When curiosity comes in, then the mind is unrest. People start working on deriving formulae for calculating the circumference, area and volume of circular shapes. Soon they saw that a circle with radius 0.5 or diameter 1 cm, has its circumference as a little above 3 cms. They tried increasing the radius and found that the circumference increased proportionately. They concluded that there exists a ratio between the circumference and the diameter (or circumference and the radius too) which remains constant. And with every change in the diameter, the circumference changes proportionately.
Then they started using 3 as the ratio between circumference and diameter but very soon they faced difficulties. They saw that it gave only approximate values. The correct values couldn’t be calculated for larger figures. This gave rise the need to get a more accurate ratio between the circumference and the radius.
In almost all civilizations (Greek, Babylonian, Indian, Roman, etc), they were using an approximate value for this ratio which they later mathematicians kept refining more and more. But none of them were able to come to a fixed number to give the value of Pi because the decimals went on unending.
S: Sir, but when we divide 22 by 7, we get 3.142857142857142857… which means that it is recurring (142857)?

T: 22/7 is a recurring in decimal but did we say that value of Pi is 22/7? We said value of Pi is approximately equal to 22/7 or 3.14. We take approximations for practical calculations.
S: Oh yes! Since we keep seeing the value of Pi = 22/7 in the text book, we forgot that it is only an approximation and not exactly equal to.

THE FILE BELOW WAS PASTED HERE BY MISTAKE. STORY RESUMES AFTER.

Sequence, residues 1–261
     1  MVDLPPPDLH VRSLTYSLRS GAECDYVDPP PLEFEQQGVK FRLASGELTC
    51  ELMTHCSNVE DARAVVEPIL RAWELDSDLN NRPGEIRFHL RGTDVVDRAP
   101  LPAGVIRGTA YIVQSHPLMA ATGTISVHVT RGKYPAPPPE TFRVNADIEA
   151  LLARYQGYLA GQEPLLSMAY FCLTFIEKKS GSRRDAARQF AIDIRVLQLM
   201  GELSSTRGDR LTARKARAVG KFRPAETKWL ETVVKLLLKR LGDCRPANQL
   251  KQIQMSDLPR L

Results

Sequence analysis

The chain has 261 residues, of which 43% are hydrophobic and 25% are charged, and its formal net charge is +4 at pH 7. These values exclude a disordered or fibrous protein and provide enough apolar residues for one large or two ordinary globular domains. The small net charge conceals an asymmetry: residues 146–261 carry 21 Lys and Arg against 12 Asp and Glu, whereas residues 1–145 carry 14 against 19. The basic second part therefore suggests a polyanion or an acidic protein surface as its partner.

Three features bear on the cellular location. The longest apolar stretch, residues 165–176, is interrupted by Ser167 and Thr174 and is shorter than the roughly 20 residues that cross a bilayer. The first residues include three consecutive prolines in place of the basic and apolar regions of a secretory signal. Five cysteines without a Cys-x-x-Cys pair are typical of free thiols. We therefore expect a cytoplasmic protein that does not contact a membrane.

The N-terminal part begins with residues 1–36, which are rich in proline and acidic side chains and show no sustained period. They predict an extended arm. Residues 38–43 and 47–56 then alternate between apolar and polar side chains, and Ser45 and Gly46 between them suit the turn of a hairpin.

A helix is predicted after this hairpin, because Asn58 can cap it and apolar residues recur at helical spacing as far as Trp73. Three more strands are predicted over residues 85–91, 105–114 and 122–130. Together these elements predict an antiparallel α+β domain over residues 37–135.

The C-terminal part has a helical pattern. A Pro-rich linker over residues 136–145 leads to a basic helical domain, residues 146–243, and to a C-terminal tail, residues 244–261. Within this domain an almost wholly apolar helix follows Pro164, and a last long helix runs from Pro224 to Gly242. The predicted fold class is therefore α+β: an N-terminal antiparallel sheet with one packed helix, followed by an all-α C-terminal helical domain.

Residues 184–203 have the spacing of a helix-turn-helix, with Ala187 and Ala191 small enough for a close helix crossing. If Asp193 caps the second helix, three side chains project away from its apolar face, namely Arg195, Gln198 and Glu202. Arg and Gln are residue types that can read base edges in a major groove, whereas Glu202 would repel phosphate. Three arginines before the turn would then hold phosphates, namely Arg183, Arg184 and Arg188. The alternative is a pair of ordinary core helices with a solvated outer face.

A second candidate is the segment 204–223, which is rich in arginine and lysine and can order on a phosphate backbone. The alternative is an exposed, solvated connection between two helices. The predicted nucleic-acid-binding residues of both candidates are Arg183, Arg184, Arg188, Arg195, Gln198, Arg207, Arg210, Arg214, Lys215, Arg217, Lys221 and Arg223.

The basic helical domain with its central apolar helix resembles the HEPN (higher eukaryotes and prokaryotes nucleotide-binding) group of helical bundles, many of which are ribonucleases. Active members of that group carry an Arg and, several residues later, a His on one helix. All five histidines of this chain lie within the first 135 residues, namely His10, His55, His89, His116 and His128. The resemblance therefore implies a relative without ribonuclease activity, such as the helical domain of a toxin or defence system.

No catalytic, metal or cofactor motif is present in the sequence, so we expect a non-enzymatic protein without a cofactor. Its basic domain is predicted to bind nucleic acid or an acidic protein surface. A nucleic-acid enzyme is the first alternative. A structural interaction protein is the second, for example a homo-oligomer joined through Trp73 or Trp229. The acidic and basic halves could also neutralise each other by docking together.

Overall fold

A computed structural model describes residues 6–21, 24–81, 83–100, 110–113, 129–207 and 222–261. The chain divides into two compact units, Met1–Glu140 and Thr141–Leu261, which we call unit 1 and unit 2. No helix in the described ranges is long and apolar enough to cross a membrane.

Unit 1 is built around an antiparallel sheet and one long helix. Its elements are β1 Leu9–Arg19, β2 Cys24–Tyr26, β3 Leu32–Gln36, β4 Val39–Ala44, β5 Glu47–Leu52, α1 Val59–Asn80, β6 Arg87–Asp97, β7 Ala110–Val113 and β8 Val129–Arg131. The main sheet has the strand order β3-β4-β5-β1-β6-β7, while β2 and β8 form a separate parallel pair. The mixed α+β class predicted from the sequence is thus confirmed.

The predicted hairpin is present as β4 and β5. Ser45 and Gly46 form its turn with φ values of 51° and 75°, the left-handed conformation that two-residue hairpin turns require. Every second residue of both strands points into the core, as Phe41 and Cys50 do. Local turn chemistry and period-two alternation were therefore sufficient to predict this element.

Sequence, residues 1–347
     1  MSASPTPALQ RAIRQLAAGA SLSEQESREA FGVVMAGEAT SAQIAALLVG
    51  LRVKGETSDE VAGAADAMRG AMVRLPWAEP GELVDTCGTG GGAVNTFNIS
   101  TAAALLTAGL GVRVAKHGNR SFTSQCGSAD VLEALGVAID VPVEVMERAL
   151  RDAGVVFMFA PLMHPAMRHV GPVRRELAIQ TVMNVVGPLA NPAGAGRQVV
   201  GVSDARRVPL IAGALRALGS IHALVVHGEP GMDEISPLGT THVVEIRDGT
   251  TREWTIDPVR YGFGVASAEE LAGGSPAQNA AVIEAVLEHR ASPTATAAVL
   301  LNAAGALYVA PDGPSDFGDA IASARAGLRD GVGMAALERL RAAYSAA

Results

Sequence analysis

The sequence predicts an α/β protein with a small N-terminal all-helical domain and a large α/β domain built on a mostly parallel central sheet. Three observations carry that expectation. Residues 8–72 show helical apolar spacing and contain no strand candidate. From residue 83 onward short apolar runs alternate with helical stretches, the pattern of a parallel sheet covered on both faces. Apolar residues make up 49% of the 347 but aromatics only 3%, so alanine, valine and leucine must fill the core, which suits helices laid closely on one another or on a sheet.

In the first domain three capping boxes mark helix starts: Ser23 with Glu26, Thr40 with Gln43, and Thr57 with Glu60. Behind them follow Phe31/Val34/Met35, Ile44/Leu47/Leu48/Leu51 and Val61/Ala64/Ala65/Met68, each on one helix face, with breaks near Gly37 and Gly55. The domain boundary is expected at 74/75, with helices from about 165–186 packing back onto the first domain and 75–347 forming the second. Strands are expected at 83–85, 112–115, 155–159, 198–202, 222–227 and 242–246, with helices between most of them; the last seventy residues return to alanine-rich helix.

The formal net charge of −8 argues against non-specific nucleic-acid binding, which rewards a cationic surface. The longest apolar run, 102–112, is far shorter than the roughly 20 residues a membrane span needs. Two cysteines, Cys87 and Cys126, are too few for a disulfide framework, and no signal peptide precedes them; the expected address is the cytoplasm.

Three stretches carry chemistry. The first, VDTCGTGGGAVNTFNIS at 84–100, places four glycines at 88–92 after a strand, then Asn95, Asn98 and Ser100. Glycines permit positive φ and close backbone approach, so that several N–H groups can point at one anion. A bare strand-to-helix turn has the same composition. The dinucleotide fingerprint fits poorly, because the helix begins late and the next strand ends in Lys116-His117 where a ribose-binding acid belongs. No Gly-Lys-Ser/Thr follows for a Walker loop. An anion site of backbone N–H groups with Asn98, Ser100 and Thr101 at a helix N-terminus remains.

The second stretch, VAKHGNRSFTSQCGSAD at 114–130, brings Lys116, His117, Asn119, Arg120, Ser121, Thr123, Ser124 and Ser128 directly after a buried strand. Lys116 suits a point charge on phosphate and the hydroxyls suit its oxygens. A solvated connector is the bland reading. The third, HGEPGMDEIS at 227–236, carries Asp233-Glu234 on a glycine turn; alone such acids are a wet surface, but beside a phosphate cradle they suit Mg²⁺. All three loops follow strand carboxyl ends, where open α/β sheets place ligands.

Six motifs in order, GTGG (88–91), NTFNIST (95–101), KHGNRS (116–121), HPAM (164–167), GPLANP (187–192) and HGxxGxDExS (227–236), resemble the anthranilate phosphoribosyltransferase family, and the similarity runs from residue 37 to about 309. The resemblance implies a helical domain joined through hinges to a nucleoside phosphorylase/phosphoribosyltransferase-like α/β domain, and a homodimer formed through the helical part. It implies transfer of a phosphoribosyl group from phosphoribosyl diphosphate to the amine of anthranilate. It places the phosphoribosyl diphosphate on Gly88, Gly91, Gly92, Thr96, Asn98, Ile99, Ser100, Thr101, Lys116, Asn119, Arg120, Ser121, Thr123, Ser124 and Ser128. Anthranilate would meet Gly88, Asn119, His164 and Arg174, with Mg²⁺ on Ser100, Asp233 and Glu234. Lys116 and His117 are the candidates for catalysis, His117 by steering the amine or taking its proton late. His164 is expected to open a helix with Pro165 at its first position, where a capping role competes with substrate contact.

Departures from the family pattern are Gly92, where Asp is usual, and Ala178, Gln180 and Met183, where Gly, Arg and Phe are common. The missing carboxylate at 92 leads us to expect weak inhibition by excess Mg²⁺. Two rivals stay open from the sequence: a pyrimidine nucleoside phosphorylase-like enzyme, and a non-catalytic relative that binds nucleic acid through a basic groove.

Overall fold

But why is it so? Why can’t we arrive at a fixed decimal place for the value of Pi?

T: That is why such numbers are called Irrational Numbers because they act very strange. We try to find out the logic behind them, but we cannot arrive at any reason for their strange behavior.
(There is pin drop silence in the class and the students sit in astonishment on listening to the explanations)

T: Okay! Now who can tell me – What is Pi?
S: It is the ratio between the circumference and the diameter. If the diameter is 1, the circumference would be little more than 3.

T: What is the value of Pi?
S: 22/7 or 3.14. No no…it’s approximately equal to 22/7 or 3.14.

T: Good. Why irrational numbers are called so?
S: Because of their irrational behavior.

T: Fantastic! Now that you have understood ‘What is Pi?’, we shall see in the next class something interesting about Irrational Numbers.

Philosophy of Math | Number System

Have you ever wondered from where did the Number Systems get their names – Natural, Whole, Integer, etc? Well, the below classroom discussion will throw some light on the origin of their names.

Teacher: Natural numbers are the numbers that represent the count.4 apples, 5 oranges, etc.

Sagar: But, we can even have 1/2 apple, so why don’t we call 1/2 as Natural number?

Teacher: Well, when you have cut an apple into halves, what will you say if I ask you – How many halves to you have?

Sagar: 2 halves.

Teacher: So, you see, the number 2 represents the count of the number of halves. Half or quarters or fractions do not have existence without natural numbers.

Nitya: Sir, why are Whole numbers called so?

Teacher: When man started counting, he found that it was becoming difficult for him to represent ‘nothing’. When man discovered the number ‘zero’, he could represent nothingness by giving it a number (even though there is no count for that). Now, he could start counting from nothing. That might seem ridiculous, how can we start counting from zero? But just give it a thought…I had no books (zero books) to read, then I got 1, then 2, then 3, etc. And there was never a time when I had negative number or fraction of a book at any point of time.
Hence, they added zero to make the counts Whole or Complete and named them Whole numbers(0, 1, 2, 3, ….).

Sid: It’s so interesting, the meaning of the terms Natural & Whole numbers are derived from the meaning of the words – natural and whole. But what do we mean by Integers?

Teacher: The name integer can be said to be derived from the Latin word Integer which means ‘whole’ or ‘untouched’ which means they are ‘complete’. The word entire comes from the same source but converted through French.
Integers are the collection of all natural numbers, zero and negative natural numbers.

Bindya: But does a -5 or -23 really exist?